Global linguistic diversity is under threat. Forty-six percent of all living languages are endangered. A language is being lost every three months, the vast majority of them without having been recorded or written down.
Of even more concern is the loss of entire language families. While it may be possible to reconstruct well-attested languages – Manx is a good example – which belong to a wider language family, reconstruction of an entire language family, unless extensively recorded, is practically impossible.
Languages and language families encode a vast array of cultural, ethnographic, anthropological, geographic and – most importantly – anthropogenic data. Beyond scientific knowledge, possessing one’s own language reinforces a sense of ethnic and cultural difference. Endangered languages are typically rich in the earthy lexicon of place, life, animal husbandry, plants, weather and sky, and light on the lexicon of modernity. The 7000+ extant languages and the 121 extant language families provide glowing testament to the richness of the diversity of the human experience, and as with diversity of many other types, deserves an absolute presumption towards preservation and revitalisation efforts.
In 2012, using Ethnologue data, I compiled data on the world’s 121 language families. At the foot of the table, seven language families have fewer than 100 speakers for their constituent languages, nineteen have fewer than 1000, and forty-nine have fewer than 10,000. There are forty-five known language isolates, and seven further languages listed separately.
The Chon language family in Argentina comprises six speakers speaking two separate languages. The story of the Selknam in South America ostensibly ends as one of the darkest chapters of colonialisation, as the natives were hunted down mercilessly to make way for incomers’ landholdings, before being subjected to discrimination in the previous century, and ambivalence in our own.
Language revitalisation is such circumstances should be an urgent government priority. The establishment of model communities drawing on volunteers from the ethnic group in question, many of whom have forgotten the language of their ancestors, and supported by language revitalisation experts is one way in which governments can repay the intergenerational debt owed indigenous communities in situations where language death without intervention would be a near certainty.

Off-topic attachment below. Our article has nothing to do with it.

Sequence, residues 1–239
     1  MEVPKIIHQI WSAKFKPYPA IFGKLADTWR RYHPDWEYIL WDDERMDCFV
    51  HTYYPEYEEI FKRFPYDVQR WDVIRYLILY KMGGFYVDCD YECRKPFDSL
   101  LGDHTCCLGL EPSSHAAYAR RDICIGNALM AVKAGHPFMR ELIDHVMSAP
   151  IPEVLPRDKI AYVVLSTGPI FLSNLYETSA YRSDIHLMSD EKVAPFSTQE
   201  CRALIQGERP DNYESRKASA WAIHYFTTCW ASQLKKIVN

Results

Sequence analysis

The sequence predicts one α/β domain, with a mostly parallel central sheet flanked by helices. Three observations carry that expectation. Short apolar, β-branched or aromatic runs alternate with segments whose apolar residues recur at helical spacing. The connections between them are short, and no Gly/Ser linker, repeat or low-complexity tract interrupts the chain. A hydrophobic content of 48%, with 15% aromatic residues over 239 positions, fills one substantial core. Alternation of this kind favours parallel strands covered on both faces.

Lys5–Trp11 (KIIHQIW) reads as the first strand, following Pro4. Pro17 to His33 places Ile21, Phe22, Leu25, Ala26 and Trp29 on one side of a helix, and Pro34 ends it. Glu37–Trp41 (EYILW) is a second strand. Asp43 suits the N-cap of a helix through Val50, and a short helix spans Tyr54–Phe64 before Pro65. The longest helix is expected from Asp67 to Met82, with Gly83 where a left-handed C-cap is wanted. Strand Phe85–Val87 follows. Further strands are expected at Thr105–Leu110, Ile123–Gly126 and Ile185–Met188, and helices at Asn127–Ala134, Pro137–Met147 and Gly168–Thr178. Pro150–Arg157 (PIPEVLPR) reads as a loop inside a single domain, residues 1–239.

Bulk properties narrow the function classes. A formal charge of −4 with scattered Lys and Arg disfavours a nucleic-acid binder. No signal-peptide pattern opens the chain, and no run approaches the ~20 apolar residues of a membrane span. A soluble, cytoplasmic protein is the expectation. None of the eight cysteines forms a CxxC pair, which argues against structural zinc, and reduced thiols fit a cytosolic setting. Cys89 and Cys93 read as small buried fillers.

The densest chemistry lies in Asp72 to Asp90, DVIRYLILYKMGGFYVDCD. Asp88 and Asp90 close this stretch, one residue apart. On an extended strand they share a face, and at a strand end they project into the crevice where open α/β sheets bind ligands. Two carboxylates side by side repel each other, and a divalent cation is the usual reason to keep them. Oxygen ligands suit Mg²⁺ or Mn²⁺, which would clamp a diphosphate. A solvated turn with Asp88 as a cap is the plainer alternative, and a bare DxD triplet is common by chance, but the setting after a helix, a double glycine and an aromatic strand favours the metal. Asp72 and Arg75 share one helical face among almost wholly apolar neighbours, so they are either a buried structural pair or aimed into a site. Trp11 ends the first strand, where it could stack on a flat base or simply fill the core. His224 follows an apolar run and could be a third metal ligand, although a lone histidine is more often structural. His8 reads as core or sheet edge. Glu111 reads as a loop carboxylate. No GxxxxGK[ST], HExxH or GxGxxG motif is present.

In other situations, as with the aboriginal peoples in Australia, by contrast, the more appropriate solution might be to leave people groups alone. Giving indigenous groups a ‘right’ to the trappings of modernity, be it (Western) education, medicine, government and technology, is typically in practice to condemn the great richness of aboriginal cultures to oblivion. In the twenty-first century, technological and social change will be seductive enough without it being imposed coercively on traditional cultures. The right not to be modern (i.e. a form of group social and cultural self-determination) is perhaps one of the most fundamental rights of all.
The alternative is homogenisation. While technology, and in particular communication technology, can lead to the creation of interesting and vibrant subcultures, and can furnish some of the tool for language preservation, more typically its role is akin to painting a beige overlay over an ancient fresco.
Perhaps it’s time for us to celebrate the world’s ruggedness instead.
In Western culture, the celebration of roots and origins typically takes the form of a superficial pastiche: think St Patrick Day’s parades and gondola rides in Venice. We’re comfortable with commoditised, sanitised and gently participatory cultural and ethnic difference. Where a people group, such as the Roma or Mennonites, elects to maintain genuine separation, they are treated with disdain.
Cultural diversity is a global good, and yet often what is practiced where cultural diversity is spoken of is cultural homogenisation. The promise of globalisation was Thomas Friedman’s flat world. Perhaps it’s time for us to celebrate the world’s ruggedness instead.
Originally published in the Linkedin Pulse.